Trucks burn on the Uruapan-Cuatro Caminos highway. Trucks burn on the Uruapan-Cuatro Caminos highway.

Narco-blockades, clashes in Michoacán as cartel battles extend beyond Aguililla

'There is no human power that can contain these monsters:' Catholic priest in Apatzingán

A long-running battle between the Jalisco New Generation Cartel (CJNG) and the Cárteles Unidos in Aguililla, Michoacán, spilled into other Tierra Caliente municipalities this week.

Residents have reported narco-blockades and/or confrontations in the municipalities of Aguililla, Tepalcatepec, Buenavista and Apatzingán, located in western Michoacán on or near the border with Jalisco.

Photographs and videos posted online show heavily-armed men from both the CJNG and Cárteles Unidos traveling in armored vehicles in the municipalities, where they have clashed in both built-up areas and on lime farms. The latter group is mainly led by members of the Viagras crime gang, the newspaper Reforma reported, and also has links to self-defense groups.

The Tierra Caliente region of Michoacán is coveted by criminal groups due to its proximity to Pacific coast ports, through which illegal drugs are smuggled into the country, as well as its iron mines and forests. CJNG leader Nemesio “El Mencho” Oseguera Cervantes hails from a small town in Aguililla and in late 2019 was reportedly planning to move back there and make the region his “bunker.”

Lengthy clashes between the CJNG and the Cárteles Unidos left two people dead in Buenavista on Monday, according to residents, and there have also been gun battles in Tepalcatepec, where the number of victims is unclear. Authorities haven’t announced official death counts for any of the recent clashes.

An armed vehicle believed to belong to the CJNG patrols in the Tierra Caliente
An armed vehicle believed to belong to the CJNG patrols in the Tierra Caliente region of Michoacán.

José Segura, a Catholic priest in Apatzingán, said Tuesday the National Guard failed to intervene in the confrontation between the CJNG and the Cárteles Unidos in Buenavista, which is now in its fourth day.

“The criminal groups are in the center of Buenavista. What these groups do is look for people who they believe are from the opposing side; they threaten them, burn their houses, take them out and they can even murder them. So the downtown area of Buenavista is one of terror,” he said in a video message.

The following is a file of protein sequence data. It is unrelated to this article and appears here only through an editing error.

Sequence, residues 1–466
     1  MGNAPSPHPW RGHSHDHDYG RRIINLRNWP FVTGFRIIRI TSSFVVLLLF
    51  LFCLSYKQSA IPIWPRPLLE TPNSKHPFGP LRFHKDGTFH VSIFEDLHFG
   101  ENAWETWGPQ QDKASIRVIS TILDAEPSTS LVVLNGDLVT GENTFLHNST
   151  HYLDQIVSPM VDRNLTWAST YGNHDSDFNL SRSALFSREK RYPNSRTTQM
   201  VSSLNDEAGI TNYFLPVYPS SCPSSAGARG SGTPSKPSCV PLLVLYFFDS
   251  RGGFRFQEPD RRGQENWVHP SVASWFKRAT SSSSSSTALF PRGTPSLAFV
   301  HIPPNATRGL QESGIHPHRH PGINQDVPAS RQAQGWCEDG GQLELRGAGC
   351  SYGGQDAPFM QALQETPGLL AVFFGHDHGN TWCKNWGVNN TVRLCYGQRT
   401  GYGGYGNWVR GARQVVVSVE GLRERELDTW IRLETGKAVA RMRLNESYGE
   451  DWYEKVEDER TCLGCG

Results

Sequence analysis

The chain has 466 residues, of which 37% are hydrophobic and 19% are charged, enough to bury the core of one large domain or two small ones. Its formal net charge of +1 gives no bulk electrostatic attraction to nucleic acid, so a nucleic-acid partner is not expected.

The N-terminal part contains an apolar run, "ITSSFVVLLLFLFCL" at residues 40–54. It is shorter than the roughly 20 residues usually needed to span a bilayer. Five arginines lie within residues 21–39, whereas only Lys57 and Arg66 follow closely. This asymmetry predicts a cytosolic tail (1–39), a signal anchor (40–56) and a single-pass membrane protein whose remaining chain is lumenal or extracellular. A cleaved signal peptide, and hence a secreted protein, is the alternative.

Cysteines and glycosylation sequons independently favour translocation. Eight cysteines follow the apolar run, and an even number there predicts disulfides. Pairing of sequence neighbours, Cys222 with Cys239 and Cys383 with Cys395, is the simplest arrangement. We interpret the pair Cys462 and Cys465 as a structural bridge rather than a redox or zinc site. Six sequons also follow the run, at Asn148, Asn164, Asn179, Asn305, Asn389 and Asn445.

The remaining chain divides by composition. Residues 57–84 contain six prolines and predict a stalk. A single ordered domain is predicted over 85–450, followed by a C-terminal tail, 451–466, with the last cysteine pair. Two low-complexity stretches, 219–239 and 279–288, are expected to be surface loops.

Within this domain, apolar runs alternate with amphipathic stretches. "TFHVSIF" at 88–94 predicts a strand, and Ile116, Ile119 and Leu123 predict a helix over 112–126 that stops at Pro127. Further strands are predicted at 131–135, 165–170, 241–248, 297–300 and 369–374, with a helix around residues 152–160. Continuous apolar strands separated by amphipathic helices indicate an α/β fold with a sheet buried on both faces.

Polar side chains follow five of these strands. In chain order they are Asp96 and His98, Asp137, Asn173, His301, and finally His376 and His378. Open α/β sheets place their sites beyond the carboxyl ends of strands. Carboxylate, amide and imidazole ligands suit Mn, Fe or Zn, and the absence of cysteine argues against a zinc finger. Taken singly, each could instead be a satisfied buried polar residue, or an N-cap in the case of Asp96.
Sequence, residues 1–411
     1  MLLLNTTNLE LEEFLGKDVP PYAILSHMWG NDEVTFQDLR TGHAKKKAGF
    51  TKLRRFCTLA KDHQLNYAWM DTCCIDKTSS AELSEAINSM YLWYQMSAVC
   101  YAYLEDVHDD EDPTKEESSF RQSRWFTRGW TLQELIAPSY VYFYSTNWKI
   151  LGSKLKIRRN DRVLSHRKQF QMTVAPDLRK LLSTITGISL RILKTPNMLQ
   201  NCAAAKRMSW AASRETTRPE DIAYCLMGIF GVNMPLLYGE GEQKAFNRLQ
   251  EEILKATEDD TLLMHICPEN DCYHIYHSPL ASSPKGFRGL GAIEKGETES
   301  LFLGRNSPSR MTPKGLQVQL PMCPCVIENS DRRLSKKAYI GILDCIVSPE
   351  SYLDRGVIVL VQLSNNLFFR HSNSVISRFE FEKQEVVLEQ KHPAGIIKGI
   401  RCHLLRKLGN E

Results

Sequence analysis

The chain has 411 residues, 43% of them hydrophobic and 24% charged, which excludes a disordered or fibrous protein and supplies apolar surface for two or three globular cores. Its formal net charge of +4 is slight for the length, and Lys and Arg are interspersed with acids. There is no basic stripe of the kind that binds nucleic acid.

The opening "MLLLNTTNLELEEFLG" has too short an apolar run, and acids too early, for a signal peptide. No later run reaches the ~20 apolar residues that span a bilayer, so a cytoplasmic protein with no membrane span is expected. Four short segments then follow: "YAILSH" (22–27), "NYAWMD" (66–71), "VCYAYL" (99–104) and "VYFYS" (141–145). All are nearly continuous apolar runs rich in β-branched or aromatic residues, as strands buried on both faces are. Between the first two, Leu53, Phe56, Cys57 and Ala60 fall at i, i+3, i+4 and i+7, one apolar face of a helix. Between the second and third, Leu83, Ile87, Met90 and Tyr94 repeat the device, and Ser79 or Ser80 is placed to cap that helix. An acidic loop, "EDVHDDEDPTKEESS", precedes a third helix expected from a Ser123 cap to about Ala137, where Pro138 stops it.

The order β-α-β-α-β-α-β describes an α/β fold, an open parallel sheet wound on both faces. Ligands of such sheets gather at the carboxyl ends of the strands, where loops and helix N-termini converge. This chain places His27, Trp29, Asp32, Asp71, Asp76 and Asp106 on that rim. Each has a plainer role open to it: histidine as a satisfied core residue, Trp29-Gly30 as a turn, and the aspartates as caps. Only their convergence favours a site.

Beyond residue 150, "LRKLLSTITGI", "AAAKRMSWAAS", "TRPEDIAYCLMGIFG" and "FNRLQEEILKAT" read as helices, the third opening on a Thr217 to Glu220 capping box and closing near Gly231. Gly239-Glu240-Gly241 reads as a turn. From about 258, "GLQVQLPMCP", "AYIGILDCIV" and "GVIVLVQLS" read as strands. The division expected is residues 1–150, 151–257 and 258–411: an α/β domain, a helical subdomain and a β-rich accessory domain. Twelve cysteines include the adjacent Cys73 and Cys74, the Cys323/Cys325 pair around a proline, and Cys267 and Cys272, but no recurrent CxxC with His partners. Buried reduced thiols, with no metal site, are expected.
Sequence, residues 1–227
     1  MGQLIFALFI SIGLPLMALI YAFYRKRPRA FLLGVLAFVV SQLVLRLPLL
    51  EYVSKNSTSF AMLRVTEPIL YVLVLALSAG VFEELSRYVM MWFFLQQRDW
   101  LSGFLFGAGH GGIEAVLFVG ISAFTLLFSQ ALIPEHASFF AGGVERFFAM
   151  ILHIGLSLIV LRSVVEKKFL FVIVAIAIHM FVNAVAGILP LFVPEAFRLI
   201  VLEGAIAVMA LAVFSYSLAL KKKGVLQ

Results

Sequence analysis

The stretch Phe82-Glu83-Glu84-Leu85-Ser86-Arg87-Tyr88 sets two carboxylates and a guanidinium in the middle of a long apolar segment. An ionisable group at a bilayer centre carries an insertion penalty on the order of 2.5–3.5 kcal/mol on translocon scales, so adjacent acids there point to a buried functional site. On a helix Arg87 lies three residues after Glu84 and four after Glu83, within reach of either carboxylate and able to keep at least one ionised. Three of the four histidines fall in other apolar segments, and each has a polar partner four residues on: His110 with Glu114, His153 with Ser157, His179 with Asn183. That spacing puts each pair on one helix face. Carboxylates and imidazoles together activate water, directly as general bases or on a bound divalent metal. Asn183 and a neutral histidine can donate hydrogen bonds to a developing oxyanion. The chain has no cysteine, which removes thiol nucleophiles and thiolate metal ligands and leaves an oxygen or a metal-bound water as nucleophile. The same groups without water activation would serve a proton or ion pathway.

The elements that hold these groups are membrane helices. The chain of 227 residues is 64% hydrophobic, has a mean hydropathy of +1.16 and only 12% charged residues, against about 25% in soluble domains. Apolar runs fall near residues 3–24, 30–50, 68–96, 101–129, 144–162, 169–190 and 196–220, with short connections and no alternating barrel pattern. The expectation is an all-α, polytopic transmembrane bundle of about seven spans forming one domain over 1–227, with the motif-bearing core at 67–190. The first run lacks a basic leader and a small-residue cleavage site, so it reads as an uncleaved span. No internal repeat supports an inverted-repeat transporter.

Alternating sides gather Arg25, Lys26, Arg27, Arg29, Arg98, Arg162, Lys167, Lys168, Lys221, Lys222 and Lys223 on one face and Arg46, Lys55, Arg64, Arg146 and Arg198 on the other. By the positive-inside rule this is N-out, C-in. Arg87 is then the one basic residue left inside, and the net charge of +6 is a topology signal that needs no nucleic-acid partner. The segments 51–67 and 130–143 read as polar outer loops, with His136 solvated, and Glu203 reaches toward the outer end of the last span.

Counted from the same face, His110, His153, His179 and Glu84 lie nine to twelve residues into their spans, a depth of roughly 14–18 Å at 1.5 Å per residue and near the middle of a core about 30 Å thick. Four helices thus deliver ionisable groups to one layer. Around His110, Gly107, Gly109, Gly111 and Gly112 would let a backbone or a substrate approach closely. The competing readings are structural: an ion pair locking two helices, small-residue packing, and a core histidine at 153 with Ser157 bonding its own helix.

“Sadly, the National Guard is on the outskirts of the town, at the entrance points, making sure that nobody disrupts the witch hunt of the Cárteles Unidos. Instead of helping the population, they’re looking after those who are now tormenting the people. Nobody goes to help them, that’s the way thing are, how they’ve been and how they will [always] be. There’s no human power that can contain these monsters,” Segura said.

Meanwhile, the Ministry of Communications and Transportation (SCT) reported three highway blockades in Michoacán on Tuesday.

Two were established by a criminal group on the highway between Apatzingán and Tepalcatepec and a third was set up between Uruapan and Nueva Italia by a group known as Pueblos Unidos, which is made up of avocado farmers who decided to take up arms against organized crime. The SCT warned against travel on the affected roads.

Blockades were also reported on Monday and have been frequently set up on the Aguililla-Apatzingán highway by both the CJNG and the Cárteles Unidos, leaving residents of the former city unable to access essential goods for extended periods of time.

Possibly sparking the latest outbreak of violence was the kidnaping of a self-defense group founder on Sunday in Buenavista by presumed CJNG members or people affiliated with them. However, Ángel Gutiérrez Aguilar, known as “El Kiro,” was rescued on Tuesday morning, according to Tepalcatepec self-defense groups.

One self-defense group member said in an interview that Gutiérrez was located after a boy heard him shouting from an abandoned house where he was being held captive. Self-defense force members subsequently rescued him, he said, explaining that “El Kiro” had injuries inflicted by his abductors.

The doctor treating Gutiérrez described his condition as delicate but stable, explaining that he already had high blood pressure and previously underwent heart surgery.

“I have him slightly sedated because he arrived shocked by everything that happened; he didn’t eat or drink water for two days, he’s dehydrated,” he said.

Gutiérrez was a leader of a self-defense group that formed in Michoacán in 2013 to take up the fight to the Caballeros Templarios, or Knights Templar cartel. There is some hope that his rescue will help calm the situation in Michoacán’s Tierra Caliente, a region notorious for violent crime.

With reports from Reforma, El País and Milenio 

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